Scripture Verse

It came to pass, when they were in the field, that Cain rose up against Abel his brother, and slew him. Genesis 4:8

Introduction

portrait
John Newton
1725–1807

Words: John New­ton, Ol­ney Hymns (Lon­don: W. Ol­iv­er, 1779), Book 1, num­ber 2.

Music: Tru­ro, from Psal­mo­dia Ev­an­ge­li­ca, by Tho­mas Will­iams, 1789 (🔊 pdf nwc).

illustration
Cain and Abel
Pietro Novelli
1603–1647

Lyrics

When Ad­am fell, he quick­ly lost
God’s im­age, which he once pos­sessed:
See all our na­ture since could boast
In Cain, his first-born son, ex­pressed!

The sac­ri­fice the Lord or­dained
In type of the Re­deem­er’s blood,
Self-righteous rea­son­ing Cain dis­dained,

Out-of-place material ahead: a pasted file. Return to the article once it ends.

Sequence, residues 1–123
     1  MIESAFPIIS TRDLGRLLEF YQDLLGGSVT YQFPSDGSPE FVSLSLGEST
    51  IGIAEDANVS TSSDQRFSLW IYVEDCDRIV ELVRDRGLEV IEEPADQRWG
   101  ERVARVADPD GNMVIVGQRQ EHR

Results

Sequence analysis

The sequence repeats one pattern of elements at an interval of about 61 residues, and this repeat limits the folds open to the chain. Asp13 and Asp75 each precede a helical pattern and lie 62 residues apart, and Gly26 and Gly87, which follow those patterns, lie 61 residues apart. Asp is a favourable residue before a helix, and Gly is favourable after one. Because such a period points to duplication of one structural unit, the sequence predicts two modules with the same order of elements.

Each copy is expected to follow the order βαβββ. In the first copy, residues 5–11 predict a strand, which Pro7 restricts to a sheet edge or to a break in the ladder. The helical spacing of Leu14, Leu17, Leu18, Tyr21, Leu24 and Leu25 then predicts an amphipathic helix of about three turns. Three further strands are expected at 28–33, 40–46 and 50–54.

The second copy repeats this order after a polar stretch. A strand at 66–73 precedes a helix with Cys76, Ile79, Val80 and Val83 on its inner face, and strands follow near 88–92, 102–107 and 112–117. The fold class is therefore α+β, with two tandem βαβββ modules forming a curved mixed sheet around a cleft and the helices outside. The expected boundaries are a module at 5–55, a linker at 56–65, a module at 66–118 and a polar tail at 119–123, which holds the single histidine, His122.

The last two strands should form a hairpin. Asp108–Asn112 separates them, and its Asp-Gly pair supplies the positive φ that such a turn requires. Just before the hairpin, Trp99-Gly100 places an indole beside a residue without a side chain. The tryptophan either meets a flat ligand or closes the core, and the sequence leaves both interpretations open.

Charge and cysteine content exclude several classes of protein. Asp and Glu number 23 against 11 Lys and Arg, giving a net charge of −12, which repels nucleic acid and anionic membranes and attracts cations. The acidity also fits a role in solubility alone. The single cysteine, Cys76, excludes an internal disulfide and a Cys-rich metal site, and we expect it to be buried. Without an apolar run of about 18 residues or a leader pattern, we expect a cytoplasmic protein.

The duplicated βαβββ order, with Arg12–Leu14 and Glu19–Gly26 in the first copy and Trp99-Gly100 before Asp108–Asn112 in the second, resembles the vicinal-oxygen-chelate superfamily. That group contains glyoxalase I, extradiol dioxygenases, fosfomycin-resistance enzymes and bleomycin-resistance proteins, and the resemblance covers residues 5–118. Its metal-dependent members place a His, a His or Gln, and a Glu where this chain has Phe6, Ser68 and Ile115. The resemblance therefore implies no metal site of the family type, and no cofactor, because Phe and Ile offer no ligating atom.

And thought his own first-fruits as good.

Yet rage and en­vy filled his mind,
When, with a sull­en, down­cast look,
He saw his bro­ther favor find,
Who God’s ap­point­ed me­thod took.

By Cain’s own hand, good Abel died,
Because the Lord ap­proved his faith;
And, when his blood for ven­geance cried,
He vainl­y thought to hide his death.

Such was the wick­ed mur­der­er Cain,
And such by na­ture still are we,
Until by grace we’re born again,
Malicious, blind and proud, as he.

Like him the way of grace we slight,
And in our own de­vic­es trust;
Call ev­il good, and dark­ness light,
And hate and per­se­cute the just.

The saints, in ev­ery age and place,
Have found this his­to­ry ful­filled;
The num­bers all our thoughts sur­pass
Of Abels, whom the Cains have killed!

Thus Je­sus fell—but O! His blood
Far bet­ter things than Ab­el’s cries:
Obtains His mur­der­ers peace with God,
And gains them man­sions in the skies.